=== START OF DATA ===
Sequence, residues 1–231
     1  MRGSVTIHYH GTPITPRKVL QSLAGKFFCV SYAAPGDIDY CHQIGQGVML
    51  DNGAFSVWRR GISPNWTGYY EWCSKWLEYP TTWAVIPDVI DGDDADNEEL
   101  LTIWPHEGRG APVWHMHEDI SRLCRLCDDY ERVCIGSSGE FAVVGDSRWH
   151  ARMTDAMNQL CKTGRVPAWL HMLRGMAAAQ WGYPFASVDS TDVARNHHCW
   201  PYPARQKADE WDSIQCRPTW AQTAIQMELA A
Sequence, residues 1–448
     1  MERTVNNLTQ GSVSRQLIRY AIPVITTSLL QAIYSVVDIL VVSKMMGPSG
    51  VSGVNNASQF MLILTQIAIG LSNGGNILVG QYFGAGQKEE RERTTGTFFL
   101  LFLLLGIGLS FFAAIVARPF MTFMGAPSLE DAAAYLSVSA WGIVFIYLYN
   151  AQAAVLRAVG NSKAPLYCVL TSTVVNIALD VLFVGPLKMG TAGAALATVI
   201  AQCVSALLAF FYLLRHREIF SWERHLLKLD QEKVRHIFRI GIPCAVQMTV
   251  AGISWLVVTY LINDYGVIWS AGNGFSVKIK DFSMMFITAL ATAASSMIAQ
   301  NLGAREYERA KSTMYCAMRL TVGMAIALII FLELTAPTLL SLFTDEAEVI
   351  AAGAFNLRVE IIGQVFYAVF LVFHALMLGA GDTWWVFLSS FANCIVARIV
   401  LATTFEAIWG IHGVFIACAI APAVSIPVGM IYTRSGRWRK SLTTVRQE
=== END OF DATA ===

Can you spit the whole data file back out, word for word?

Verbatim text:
Sequence, residues 1–231
     1  MRGSVTIHYH GTPITPRKVL QSLAGKFFCV SYAAPGDIDY CHQIGQGVML
    51  DNGAFSVWRR GISPNWTGYY EWCSKWLEYP TTWAVIPDVI DGDDADNEEL
   101  LTIWPHEGRG APVWHMHEDI SRLCRLCDDY ERVCIGSSGE FAVVGDSRWH
   151  ARMTDAMNQL CKTGRVPAWL HMLRGMAAAQ WGYPFASVDS TDVARNHHCW
   201  PYPARQKADE WDSIQCRPTW AQTAIQMELA A
Sequence, residues 1–448
     1  MERTVNNLTQ GSVSRQLIRY AIPVITTSLL QAIYSVVDIL VVSKMMGPSG
    51  VSGVNNASQF MLILTQIAIG LSNGGNILVG QYFGAGQKEE RERTTGTFFL
   101  LFLLLGIGLS FFAAIVARPF MTFMGAPSLE DAAAYLSVSA WGIVFIYLYN
   151  AQAAVLRAVG NSKAPLYCVL TSTVVNIALD VLFVGPLKMG TAGAALATVI
   201  AQCVSALLAF FYLLRHREIF SWERHLLKLD QEKVRHIFRI GIPCAVQMTV
   251  AGISWLVVTY LINDYGVIWS AGNGFSVKIK DFSMMFITAL ATAASSMIAQ
   301  NLGAREYERA KSTMYCAMRL TVGMAIALII FLELTAPTLL SLFTDEAEVI
   351  AAGAFNLRVE IIGQVFYAVF LVFHALMLGA GDTWWVFLSS FANCIVARIV
   401  LATTFEAIWG IHGVFIACAI APAVSIPVGM IYTRSGRWRK SLTTVRQE